Brother Rice also received low scores from freshman Leandro Pinili (151), junior Marcus Lee (152) and seniors Kyle Gruley (162) and Matt Baer (163).

“It was close at the top, but the whole team just settled down and we talked about how tomorrow (Saturday) is a new day and we are going to play better,” Baer said. “We played like we knew how to play, and we really came together to get this win.”

The Warriors had won last year’s Final by 28 strokes, but associate head coach David Sass knew it was going to be more competitive this time.

“There were a lot of quality players in this field, and I think Division 2 golf is tough; it’s good golf,” Sass said. “It feels incredible to go back-to-back, and it’s hard to do.

“It was a battle the whole way, and it kind of turned into a test of who could get mentally focused the most. This course is extremely difficult, and big numbers are waiting for you on any hole. We bounced back after bad holes and played extremely well. I’m so proud of the way they performed.”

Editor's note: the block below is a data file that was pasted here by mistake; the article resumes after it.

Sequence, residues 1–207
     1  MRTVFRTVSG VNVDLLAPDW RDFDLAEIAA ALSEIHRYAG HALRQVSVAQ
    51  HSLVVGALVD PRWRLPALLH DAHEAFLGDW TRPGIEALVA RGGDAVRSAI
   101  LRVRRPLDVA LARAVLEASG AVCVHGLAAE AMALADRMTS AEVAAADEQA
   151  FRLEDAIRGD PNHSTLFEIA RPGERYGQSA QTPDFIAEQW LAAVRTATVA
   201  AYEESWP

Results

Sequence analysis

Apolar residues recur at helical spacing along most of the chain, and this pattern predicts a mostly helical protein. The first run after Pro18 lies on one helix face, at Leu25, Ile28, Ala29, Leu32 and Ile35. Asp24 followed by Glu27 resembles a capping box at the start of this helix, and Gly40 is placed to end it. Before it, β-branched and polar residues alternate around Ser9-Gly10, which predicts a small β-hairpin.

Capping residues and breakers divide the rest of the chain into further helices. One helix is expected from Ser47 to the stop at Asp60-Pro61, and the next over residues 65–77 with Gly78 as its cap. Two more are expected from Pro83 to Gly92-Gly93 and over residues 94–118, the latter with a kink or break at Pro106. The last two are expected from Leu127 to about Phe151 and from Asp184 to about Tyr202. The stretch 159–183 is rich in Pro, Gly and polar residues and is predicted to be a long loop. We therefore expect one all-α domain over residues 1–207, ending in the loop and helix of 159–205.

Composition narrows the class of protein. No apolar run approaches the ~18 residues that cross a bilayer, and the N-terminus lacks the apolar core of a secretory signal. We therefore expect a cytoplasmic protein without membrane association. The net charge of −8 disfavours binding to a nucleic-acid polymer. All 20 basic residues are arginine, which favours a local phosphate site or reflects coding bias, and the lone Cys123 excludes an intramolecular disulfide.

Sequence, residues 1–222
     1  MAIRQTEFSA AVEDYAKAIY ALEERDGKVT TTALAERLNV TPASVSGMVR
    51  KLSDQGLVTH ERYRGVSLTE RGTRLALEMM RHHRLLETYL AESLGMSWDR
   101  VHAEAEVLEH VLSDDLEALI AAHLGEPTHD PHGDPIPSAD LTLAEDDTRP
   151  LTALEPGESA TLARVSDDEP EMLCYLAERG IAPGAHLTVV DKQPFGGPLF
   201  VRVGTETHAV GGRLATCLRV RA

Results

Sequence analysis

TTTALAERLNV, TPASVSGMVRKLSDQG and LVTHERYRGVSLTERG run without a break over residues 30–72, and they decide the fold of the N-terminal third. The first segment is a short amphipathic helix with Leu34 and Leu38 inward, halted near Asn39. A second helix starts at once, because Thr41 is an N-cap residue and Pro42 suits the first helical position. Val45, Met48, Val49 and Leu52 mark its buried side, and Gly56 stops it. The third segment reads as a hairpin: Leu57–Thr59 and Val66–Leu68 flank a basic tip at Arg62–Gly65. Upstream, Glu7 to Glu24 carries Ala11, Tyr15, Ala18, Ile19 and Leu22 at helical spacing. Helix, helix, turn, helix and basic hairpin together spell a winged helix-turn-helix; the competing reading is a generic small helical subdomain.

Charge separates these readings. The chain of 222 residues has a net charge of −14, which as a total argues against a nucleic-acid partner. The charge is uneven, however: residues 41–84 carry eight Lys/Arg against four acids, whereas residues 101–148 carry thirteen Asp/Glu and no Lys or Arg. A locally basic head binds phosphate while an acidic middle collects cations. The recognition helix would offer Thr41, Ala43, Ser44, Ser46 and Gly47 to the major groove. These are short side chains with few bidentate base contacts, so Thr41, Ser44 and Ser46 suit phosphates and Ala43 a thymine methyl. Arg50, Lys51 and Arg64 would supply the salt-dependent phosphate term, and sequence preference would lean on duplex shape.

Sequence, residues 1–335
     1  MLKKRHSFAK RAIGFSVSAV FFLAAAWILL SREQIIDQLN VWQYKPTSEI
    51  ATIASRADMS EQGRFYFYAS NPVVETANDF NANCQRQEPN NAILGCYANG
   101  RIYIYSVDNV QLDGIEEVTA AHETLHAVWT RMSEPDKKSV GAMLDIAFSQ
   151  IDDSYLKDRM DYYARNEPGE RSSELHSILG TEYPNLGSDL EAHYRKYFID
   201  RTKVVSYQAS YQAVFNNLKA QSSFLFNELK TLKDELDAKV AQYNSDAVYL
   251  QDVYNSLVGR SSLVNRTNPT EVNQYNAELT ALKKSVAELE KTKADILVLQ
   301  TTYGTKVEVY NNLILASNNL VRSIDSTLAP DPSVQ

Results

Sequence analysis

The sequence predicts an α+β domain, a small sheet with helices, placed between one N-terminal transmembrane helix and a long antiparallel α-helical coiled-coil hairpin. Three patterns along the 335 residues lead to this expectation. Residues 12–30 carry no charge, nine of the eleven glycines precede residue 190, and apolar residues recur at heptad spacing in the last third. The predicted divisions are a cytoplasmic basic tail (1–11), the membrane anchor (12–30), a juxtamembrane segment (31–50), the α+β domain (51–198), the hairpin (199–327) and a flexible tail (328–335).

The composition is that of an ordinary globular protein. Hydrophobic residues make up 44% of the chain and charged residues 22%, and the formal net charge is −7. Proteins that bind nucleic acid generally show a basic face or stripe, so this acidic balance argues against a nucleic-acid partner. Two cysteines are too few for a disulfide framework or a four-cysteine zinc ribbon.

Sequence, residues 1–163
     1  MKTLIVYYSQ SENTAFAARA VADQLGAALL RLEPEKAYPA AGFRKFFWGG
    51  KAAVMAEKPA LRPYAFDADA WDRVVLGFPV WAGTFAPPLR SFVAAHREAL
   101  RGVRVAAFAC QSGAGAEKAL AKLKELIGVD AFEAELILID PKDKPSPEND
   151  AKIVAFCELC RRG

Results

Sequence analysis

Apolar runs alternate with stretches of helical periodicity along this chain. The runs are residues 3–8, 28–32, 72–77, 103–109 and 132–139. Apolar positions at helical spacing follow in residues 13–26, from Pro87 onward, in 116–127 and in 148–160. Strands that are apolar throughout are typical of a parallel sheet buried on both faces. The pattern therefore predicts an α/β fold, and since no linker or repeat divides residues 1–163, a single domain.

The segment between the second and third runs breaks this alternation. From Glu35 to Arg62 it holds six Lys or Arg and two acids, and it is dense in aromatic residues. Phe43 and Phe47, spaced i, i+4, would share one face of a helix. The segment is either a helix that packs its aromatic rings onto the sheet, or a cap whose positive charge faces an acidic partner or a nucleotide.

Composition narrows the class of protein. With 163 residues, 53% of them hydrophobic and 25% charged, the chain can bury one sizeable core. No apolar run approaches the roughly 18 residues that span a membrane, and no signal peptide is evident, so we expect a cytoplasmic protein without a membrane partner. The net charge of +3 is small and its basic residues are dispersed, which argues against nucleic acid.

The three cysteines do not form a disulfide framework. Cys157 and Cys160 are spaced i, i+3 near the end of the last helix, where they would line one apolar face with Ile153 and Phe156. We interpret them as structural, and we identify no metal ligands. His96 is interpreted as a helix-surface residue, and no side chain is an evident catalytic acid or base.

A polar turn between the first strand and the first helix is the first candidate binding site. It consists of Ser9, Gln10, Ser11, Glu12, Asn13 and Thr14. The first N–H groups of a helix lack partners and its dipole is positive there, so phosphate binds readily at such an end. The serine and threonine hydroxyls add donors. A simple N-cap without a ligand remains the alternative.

Wheeler, who didn’t place in the top 10 a year ago at the Final, shot a first-round 67 to grab a four-shot lead and then held off a group of competitors to win his first state title.

He closed with an even-par 71.

“Expectations were pretty high coming into this, and obviously I’ve had a pretty good year,” Wheeler said. “I think it’s all about preparation, and I had nearly two weeks of preparation for this.

Richland Gull Lake golf“I definitely felt like I had the potential to do this, and I just feel grateful to be able to do this. It’s awesome.”